NEW YORK (Feb. 3, 2004) -- A group of scientists and wildlife health experts from the New York-based Wildlife Conservation Society (WCS) say that closing Asia's wild bird markets would reduce the spread of Avian flu. The markets place tens of thousands of wild and domestic birds in close quarters, allowing diseases to make the jump between wild animals, livestock, and ultimately humans, WCS says. The group also expressed concern that policies calling for widespread killing of birds living in the wild to prevent disease would do more harm than good.
According to WCS, which operates conservation programs in more than 15 Asian countries, wild birds are caught, usually by rural hunters, then brought together in large numbers often outside their natural range, and put in contact with other animals and people that have little immunity to diseases they might be carrying.
"The birds are caged in stressful, unnatural and often unhygienic conditions during transport and in the markets themselves where they are forced to stand beak to beak with both wild and domestic birds, and handled by humans - all providing the ideal conditions for transmission of disease," said Dr William Karesh, Director of the WCS Field Veterinary Program.
The trade in wild birds for the pet and songbird trade in Asia is vast. For example, in Bangkok's weekend market during 25 weekends in one year alone, 70,000 birds representing 276 species from Asia Australia, Africa and South America were sold. In a single market in Java, Indonesia, between half a million and 1.5 million wild birds are sold each year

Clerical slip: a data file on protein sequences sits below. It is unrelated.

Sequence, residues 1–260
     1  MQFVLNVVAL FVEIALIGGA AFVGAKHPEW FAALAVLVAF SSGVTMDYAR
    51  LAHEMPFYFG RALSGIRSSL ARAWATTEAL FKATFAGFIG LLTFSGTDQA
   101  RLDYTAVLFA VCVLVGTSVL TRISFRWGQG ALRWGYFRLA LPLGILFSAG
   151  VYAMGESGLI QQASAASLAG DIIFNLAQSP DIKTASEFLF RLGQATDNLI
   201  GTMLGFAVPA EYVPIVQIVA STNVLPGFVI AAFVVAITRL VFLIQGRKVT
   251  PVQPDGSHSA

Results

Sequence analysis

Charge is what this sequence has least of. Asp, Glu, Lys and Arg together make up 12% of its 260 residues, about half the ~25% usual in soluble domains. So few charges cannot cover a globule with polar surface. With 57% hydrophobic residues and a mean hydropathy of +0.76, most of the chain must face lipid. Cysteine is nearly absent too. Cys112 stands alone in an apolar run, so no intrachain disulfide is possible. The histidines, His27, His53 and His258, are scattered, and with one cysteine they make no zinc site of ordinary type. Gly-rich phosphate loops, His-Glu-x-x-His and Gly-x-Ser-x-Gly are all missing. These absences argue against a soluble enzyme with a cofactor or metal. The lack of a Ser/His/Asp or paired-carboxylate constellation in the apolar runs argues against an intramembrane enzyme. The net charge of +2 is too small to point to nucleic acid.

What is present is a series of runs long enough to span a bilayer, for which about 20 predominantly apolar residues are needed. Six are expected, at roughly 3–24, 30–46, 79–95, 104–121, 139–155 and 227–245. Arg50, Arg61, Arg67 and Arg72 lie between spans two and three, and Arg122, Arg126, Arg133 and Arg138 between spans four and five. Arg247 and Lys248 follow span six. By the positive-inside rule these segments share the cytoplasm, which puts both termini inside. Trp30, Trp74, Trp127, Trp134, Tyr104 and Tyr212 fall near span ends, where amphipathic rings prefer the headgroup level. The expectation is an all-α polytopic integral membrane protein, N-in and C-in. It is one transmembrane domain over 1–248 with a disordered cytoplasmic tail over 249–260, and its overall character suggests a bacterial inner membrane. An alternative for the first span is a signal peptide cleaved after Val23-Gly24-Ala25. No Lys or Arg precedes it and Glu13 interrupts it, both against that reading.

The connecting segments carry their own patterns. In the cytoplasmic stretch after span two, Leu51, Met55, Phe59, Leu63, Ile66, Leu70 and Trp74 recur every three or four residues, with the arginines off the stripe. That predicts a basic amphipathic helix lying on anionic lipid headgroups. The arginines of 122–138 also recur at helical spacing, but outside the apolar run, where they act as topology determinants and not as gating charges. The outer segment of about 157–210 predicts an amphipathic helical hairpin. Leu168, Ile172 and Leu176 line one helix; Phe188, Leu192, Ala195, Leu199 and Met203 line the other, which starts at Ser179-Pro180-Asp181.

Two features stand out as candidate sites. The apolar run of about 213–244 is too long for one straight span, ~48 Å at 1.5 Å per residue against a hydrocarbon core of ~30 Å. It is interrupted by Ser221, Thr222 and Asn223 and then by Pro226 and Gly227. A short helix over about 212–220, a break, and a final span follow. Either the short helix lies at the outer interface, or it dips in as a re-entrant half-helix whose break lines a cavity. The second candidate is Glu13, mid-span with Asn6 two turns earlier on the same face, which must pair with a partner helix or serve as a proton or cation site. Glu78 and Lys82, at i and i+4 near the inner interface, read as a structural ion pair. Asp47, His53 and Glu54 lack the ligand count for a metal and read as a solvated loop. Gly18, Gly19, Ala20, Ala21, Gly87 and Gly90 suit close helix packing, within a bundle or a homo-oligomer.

"The wild bird trade in Asia is conducted on an extremely large scale, and is highly fluid," said Dr. Elizabeth Bennett, WCS's director of hunting and wildlife trade. "The one common theme is that wild birds are being caught, sold and transported in very large numbers, and that effective controls, both in terms of laws and enforcement of those laws, are currently weak across much of Asia".
WCS says that one of the easiest and most obvious ways to reduce the threat of avian flu spreading both globally and regionally through the wild bird trade is to close down the wild bird markets within Asia, and for airlines to stop carrying large numbers of animals over large distances for commercial markets. The EU has already banned the import of pet birds from Asian countries where avian flu has been detected.
WCS also says that one proposed solution of killing the free-ranging wildlife will not solve the problem, and can have many unforeseen repercussions. For example, large-scale killing of sparrows and crows during the Great Leap Forward in China in the late 1950's resulted in failed rice crops and massive famine because the birds had actually been controlling pests.
Dr Robert Cook, Vice President of Wildlife Health at WCS , said, "In almost all cases, eradication schemes are not cost-efficient or effective means to reduce disease spread when compared to health education, sanitation, and controlling animal movement."
Materials provided by Wildlife Conservation Society. Note: Content may be edited for style and length.
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